As a consulting firm specializing in strategic and innovative creations in Diversity, Equity and Inclusion (DE&I), we always seek to connect our work to Agenda 2030, to the goals present in the SDGs and building materiality matrices of actions that are guided by ESG principles. A great example we can cite about the union of the tropicalization of actions before the environment where it is inserted is the adoption of affirmative action policies aimed at the black population.
One of our greatest opportunities was the customization and construction of the Black Leadership Program - Bayer Trainees. In 2020 we had 19 people integrated and hired, in 2022 we jumped to 33 positions and the program continues its course ever more robust and transversal. The program's main objective is to make opportunities more equitable for young black people, offering support for their personal and professional development so that they can occupy leadership positions in the organization, which adds value to their career and to the corporation's commitment to promoting racial equality through opportunities in the labor market.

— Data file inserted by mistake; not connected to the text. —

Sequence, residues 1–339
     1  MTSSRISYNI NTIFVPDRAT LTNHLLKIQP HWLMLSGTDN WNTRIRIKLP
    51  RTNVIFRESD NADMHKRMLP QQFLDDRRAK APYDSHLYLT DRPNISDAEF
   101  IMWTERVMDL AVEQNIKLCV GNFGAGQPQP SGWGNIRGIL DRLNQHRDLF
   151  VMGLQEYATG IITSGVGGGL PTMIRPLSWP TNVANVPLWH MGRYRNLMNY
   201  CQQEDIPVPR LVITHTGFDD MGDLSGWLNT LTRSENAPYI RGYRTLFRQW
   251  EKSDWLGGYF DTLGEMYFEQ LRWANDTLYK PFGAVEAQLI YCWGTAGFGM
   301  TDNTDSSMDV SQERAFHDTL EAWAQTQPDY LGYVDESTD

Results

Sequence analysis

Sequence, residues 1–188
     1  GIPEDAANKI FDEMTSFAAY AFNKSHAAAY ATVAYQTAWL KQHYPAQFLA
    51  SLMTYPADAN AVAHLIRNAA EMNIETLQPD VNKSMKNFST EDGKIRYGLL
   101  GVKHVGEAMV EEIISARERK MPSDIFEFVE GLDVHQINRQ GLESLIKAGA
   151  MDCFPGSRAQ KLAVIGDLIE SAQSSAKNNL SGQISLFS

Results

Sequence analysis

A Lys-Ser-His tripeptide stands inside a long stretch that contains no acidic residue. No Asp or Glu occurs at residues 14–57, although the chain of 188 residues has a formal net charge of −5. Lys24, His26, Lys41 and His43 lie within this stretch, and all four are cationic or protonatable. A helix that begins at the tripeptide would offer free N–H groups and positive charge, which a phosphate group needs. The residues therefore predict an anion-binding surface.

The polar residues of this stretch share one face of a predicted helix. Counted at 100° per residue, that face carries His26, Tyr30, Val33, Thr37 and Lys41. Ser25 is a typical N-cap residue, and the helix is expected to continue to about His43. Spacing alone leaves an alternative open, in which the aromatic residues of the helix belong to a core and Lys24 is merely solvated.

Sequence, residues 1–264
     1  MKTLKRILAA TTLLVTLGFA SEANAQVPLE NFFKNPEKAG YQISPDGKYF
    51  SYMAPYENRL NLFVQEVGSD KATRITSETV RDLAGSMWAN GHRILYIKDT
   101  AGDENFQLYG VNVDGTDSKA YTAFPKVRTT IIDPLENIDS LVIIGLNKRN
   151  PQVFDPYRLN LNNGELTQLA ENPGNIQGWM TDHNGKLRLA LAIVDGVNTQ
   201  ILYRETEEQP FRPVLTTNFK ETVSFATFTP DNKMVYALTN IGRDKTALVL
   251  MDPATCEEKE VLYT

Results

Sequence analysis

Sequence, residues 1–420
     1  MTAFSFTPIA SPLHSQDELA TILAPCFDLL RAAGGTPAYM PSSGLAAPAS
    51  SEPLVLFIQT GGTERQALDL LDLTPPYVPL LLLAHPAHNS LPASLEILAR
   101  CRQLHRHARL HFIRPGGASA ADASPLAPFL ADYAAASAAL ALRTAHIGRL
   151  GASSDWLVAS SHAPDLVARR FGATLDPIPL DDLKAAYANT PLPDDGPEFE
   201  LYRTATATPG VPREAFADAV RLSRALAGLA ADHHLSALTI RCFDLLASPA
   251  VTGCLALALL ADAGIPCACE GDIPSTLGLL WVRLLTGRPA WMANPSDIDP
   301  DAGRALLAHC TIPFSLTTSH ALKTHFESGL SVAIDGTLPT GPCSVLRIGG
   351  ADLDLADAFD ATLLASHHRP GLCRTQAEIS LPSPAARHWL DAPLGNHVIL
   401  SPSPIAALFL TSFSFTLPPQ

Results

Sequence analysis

If we look back, as we started at the beginning of this article, we realize that even today we reap the negative impacts of years and years of exploitation of the environment and human beings. The big question that arises is precisely what can be done so that future generations will not have to reap more negative impacts. Therefore, thinking about sustainable actions in the present is to guarantee that in the future we can see the results of what we are doing now. For this to happen, we need intentionality and social responsibility from the people who make up the strategic chairs of the organizations to contribute so that the actions that are built have sustainability over time and truly transform in a positive way the environment and the society in which they are inserted. Let's join together in this construction of fairer and more equitable futures? We are here to build together cultures that innovate, aggregate, and transform!